New Archaeological Findings Challenge Understanding of Amazon Settlement History

A forthcoming study in the March edition of Quaternary Science Reviews presents fresh evidence regarding the earliest human settlement in the Amazon lowlands. The research focuses on two rock shelters in the Serranía de la Lindosa caves of Colombia, suggesting human habitation in the region began around 13,000 years ago, much earlier than previously thought.

While prior knowledge indicated human presence in the region around 12,600 years ago, the latest findings, particularly in rock art, point to an earlier arrival. Analysis of rock shelters adjacent to the ancient artwork indicates that the first humans likely inhabited the area at least 13,000 years ago, contributing to a broader understanding of a significant migration throughout the Americas.

The study raises intriguing questions about the narrative of human settlement in the Americas. It challenges the conventional belief that the first settlers crossed a land bridge between Russia and Alaska, suggesting the possibility of a different historical trajectory and a long-lost civilization spanning the American continent.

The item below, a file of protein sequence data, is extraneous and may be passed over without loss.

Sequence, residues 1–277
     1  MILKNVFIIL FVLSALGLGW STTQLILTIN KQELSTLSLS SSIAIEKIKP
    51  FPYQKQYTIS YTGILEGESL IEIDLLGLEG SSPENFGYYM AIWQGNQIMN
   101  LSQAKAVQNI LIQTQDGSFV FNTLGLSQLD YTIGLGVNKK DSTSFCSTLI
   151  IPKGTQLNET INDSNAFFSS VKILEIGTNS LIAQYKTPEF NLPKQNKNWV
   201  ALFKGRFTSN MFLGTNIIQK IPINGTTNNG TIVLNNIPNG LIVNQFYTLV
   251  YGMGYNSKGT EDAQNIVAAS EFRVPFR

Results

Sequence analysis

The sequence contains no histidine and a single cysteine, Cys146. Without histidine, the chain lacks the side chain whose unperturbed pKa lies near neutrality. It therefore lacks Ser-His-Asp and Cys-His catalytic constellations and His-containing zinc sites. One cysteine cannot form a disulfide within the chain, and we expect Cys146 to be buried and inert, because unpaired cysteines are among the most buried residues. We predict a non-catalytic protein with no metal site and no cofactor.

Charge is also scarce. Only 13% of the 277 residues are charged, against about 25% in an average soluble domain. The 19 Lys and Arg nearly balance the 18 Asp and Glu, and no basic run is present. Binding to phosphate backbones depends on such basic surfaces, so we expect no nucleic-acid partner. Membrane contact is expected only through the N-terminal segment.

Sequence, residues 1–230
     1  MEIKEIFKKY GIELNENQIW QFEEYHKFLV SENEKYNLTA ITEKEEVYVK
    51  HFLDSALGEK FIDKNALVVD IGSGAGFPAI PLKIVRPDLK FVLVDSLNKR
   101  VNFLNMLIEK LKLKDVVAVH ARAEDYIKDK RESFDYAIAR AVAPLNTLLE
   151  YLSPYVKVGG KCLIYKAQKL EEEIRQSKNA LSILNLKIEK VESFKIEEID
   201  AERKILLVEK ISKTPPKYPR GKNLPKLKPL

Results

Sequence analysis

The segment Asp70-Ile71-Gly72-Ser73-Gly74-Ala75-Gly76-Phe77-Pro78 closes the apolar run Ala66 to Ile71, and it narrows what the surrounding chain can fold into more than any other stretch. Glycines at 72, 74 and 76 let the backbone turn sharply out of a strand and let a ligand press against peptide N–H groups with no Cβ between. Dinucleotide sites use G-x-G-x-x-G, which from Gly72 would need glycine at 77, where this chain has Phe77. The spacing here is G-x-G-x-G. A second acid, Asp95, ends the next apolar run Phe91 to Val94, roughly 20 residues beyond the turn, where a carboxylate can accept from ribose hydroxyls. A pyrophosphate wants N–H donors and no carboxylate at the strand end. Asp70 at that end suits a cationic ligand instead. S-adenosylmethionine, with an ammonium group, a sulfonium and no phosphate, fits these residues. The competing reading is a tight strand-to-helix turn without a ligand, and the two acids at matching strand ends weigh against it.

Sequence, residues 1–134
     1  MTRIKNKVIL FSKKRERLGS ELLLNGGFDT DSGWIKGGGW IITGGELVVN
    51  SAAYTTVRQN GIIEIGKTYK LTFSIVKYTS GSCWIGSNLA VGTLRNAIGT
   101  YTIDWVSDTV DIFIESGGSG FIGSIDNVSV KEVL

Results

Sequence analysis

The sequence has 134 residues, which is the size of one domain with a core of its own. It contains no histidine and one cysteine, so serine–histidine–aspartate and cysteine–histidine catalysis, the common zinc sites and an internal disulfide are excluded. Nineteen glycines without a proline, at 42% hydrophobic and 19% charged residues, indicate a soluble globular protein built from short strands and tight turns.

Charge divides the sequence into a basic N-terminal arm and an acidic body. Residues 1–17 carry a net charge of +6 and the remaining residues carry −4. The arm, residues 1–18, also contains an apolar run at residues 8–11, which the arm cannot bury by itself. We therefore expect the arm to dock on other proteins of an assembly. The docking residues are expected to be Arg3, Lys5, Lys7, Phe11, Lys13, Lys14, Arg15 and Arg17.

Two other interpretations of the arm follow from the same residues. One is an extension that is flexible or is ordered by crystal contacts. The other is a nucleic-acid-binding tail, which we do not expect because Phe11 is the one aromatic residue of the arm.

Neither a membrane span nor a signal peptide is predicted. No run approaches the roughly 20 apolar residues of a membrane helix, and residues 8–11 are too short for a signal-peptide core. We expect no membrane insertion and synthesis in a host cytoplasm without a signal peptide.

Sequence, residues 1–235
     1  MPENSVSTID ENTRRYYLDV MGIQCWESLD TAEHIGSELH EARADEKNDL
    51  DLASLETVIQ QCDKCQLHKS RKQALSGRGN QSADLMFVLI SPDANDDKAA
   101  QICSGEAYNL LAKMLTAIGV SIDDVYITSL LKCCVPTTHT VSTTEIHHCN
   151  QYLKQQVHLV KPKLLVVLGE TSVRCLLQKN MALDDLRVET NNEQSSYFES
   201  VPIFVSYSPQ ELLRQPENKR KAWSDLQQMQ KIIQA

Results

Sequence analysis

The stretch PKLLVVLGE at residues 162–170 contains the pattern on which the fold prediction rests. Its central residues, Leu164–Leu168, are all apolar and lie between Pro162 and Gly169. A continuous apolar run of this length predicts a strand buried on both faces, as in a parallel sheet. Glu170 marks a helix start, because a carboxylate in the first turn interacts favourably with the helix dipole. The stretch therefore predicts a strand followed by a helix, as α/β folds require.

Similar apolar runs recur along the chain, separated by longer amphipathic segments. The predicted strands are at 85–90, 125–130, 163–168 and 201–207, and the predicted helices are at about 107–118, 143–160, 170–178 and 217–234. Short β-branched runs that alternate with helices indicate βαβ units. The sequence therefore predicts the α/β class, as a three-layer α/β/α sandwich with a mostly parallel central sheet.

University of Exeter archaeology professor Mark Robinson commented on the significance of the discovery, stating, “The ‘peopling’ of South America represents one of the great migrations of human history — but their arrival into the Amazon biome has been little understood.” Robinson added that the challenging environment of the dense rainforest and difficulties in identifying fieldwork sites have contributed to gaps in understanding.

The recent excavations not only push back the estimated arrival time of the settlers but also provide novel insights into their lives and historical trajectories during the Holocene, the epoch following the last glacial maximum.

It’s important to note that while the findings suggest a human presence around 13,000 years ago, the possibility of even earlier settlements remains, challenging established archaeological narratives. This discovery adds to the growing body of evidence indicating that human development and interactions may have been more complex and occurred earlier than previously thought.

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